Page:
Hay is an important part of your horse’s diet, provided that they do not reside in meadows with abundant fresh grass throughout the whole year. But how exactly can you choose which kind of hay is ideal for your horse? Because there are so many options, it may be challenging to choose which one is best for your horse, which is particularly true if this is your first time being a horse owner.

There are two basic kinds of hay for horses, and those are legumes and grass. Orchard grass is the greatest type of grass hay, and alfalfa is the most popular legume hay.

It might be challenging to choose which kind of horse hay is ideal for your horse since no two animals are exactly same. Every animal has unique requirements that vary according to its age, classification, and level of activity. This article discusses a variety of hays that may be fed to horses, and also explains why I believe some are superior than others.

 Top Horse’s Hay: Choosing the Right Type

Hay is an essential component of a horse’s diet, something you are probably aware of if you own a horse. Hay gives horses the necessary nutrients they need, such as fiber and protein, and it also helps to maintain their digestive tracts in good condition. But there are so many different kinds of horse hay to choose from; how are you supposed to figure out which one is the healthiest for your horse?

When selecting hay for your horse, there are a few factors that you should keep in mind. Your first order of business is to consider the many kinds of nutrients that your horse need. Some horses fare better on diets that are higher in protein, while others do better on diets that are higher in fibre.

When selecting hay, it is important to take into account not only the age of your horse but also its size, since bigger horses have a greater need for it than do smaller ones. Last but not least, you need to take into consideration the cost of the hay as well as whether you want to get it in tiny or big bales.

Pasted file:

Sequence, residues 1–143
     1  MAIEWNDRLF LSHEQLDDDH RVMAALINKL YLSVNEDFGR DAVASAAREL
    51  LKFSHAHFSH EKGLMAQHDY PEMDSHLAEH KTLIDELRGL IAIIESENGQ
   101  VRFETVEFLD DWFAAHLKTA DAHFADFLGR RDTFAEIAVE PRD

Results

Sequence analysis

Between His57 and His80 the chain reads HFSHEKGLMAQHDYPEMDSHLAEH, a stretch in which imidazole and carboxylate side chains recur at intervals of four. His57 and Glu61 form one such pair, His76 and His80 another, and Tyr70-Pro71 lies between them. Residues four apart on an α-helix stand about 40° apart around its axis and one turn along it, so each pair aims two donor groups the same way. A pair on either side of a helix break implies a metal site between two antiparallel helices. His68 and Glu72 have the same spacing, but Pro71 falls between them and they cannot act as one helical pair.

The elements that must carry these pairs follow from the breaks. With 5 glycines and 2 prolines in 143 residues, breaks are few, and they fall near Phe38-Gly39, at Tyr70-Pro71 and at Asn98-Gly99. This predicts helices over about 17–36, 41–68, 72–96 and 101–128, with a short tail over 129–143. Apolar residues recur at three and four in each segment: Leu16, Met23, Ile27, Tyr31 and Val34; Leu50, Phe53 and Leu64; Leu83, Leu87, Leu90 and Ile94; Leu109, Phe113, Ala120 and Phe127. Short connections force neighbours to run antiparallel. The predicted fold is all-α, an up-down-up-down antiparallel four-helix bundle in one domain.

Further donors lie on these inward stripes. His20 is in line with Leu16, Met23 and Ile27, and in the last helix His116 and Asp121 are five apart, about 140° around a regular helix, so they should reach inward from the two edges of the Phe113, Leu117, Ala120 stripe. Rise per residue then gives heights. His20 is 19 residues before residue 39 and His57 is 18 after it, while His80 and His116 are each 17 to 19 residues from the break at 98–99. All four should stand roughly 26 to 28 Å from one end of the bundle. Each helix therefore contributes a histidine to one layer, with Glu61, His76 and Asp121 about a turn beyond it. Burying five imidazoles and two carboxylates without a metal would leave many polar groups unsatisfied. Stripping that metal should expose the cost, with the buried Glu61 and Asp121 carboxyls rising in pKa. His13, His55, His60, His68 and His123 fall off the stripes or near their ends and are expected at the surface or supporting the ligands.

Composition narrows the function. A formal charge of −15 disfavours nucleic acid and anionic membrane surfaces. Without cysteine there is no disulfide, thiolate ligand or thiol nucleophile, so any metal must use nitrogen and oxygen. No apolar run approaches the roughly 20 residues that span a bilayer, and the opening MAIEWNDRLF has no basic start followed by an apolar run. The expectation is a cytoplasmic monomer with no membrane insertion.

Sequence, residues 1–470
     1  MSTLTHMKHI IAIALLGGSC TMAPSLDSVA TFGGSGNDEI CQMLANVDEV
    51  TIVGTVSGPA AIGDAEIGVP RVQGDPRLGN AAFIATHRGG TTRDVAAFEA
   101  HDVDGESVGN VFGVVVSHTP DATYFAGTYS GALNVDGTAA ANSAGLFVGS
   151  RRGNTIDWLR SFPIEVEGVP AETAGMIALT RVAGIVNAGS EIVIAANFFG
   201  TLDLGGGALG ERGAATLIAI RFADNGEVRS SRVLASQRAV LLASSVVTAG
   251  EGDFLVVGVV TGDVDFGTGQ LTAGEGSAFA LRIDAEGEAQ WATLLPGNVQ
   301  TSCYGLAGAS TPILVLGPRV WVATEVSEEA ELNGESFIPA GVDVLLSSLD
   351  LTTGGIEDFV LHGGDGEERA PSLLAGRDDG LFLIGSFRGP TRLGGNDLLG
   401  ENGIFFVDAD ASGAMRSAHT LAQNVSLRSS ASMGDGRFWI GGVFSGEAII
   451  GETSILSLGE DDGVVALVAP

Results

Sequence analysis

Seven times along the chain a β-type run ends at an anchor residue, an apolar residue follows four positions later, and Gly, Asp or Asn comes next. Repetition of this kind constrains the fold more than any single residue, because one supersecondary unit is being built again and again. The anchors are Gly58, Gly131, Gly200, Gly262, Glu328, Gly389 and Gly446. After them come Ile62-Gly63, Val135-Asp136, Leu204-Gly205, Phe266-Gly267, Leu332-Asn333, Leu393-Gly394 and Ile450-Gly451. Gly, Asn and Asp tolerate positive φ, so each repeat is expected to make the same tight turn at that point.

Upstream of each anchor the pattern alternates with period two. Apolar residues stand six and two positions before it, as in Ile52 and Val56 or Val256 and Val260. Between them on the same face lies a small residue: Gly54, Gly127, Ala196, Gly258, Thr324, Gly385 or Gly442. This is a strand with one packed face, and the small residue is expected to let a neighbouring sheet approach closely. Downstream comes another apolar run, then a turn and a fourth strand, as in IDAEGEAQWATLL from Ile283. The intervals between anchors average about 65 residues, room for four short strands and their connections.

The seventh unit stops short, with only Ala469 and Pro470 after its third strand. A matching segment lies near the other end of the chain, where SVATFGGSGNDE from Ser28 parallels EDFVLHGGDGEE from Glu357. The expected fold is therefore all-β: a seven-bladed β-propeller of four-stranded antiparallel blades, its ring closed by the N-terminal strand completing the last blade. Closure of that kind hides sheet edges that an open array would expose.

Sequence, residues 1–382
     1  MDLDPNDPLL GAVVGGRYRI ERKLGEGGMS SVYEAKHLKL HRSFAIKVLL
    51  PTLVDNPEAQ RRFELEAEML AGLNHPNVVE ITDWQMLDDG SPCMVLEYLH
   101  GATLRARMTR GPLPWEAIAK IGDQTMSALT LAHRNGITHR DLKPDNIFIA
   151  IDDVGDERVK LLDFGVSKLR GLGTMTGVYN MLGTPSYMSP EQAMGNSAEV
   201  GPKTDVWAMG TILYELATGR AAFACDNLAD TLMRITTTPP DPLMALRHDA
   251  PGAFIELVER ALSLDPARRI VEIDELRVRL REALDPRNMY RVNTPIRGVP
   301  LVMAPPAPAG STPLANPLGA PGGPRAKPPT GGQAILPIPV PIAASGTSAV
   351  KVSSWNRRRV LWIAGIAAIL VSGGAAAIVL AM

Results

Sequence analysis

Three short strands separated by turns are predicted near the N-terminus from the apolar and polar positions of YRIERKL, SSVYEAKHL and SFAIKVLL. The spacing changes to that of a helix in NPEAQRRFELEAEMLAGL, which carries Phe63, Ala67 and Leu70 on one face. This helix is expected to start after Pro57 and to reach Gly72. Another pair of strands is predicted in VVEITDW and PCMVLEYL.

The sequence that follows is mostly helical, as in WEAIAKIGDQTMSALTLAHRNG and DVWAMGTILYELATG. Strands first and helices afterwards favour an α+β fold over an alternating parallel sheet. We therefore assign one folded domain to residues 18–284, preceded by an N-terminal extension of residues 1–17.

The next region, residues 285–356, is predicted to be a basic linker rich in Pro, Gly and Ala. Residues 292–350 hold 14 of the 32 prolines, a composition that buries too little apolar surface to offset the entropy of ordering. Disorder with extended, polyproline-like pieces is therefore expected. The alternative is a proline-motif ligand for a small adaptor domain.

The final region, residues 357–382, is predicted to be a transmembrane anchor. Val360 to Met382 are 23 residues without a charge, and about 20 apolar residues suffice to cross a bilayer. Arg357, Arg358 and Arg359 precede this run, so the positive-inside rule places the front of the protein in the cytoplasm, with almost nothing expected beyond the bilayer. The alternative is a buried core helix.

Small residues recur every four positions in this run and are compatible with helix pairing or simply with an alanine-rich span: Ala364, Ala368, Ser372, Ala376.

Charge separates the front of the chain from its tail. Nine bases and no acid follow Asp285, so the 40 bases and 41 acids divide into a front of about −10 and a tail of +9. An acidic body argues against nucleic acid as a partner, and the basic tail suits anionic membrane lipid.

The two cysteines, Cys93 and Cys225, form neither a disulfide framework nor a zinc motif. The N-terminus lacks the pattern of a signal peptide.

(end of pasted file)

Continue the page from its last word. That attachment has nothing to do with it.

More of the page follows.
However, when it comes to the food of your horse, a local equine veterinarian is the ideal person to help you in the right direction. They are familiar with the many types of hay that can be found in your region and may suggest a kind of hay that will best meet your requirements as well as the nutritional requirements of your horses.

Your horse relies on you to provide it with the appropriate sort of hay to eat. A horse’s stomach is relatively tiny, its intestines are of average size, but its hindgut is enormous. This is despite the fact that horses are very huge animals.

In contrast to non-ruminant animals, horses need to consume many smaller meals throughout the day. Because of their particular anatomical make-up, horses need to be fed numerous times throughout the day, rather than simply once or twice, in order to maintain optimal health.

It is our duty to be aware of their dietary requirements and to provide food that meets those requirements in order to ensure the animals’ continued good health and contentment. In the same way that people should eat their way through a food pyramid to achieve balanced nutrition, horses too have their own food pyramid.

Here Are the Types of Hay For Horses



Hay made from alfalfa is a legume that is rich in protein and is a member of the pea family. It is widely recognized among those who own animals for the nutrient-rich features that it has, and among those who own horses, it is a beloved product without a doubt.

Because the harvesting schedule has a direct bearing on the quality and plenty of this hay, farmers need to keep a careful eye on it and manage it in a manner that takes into account its performance, the quality of its nutrients, the vigor with which it grows, and its total production.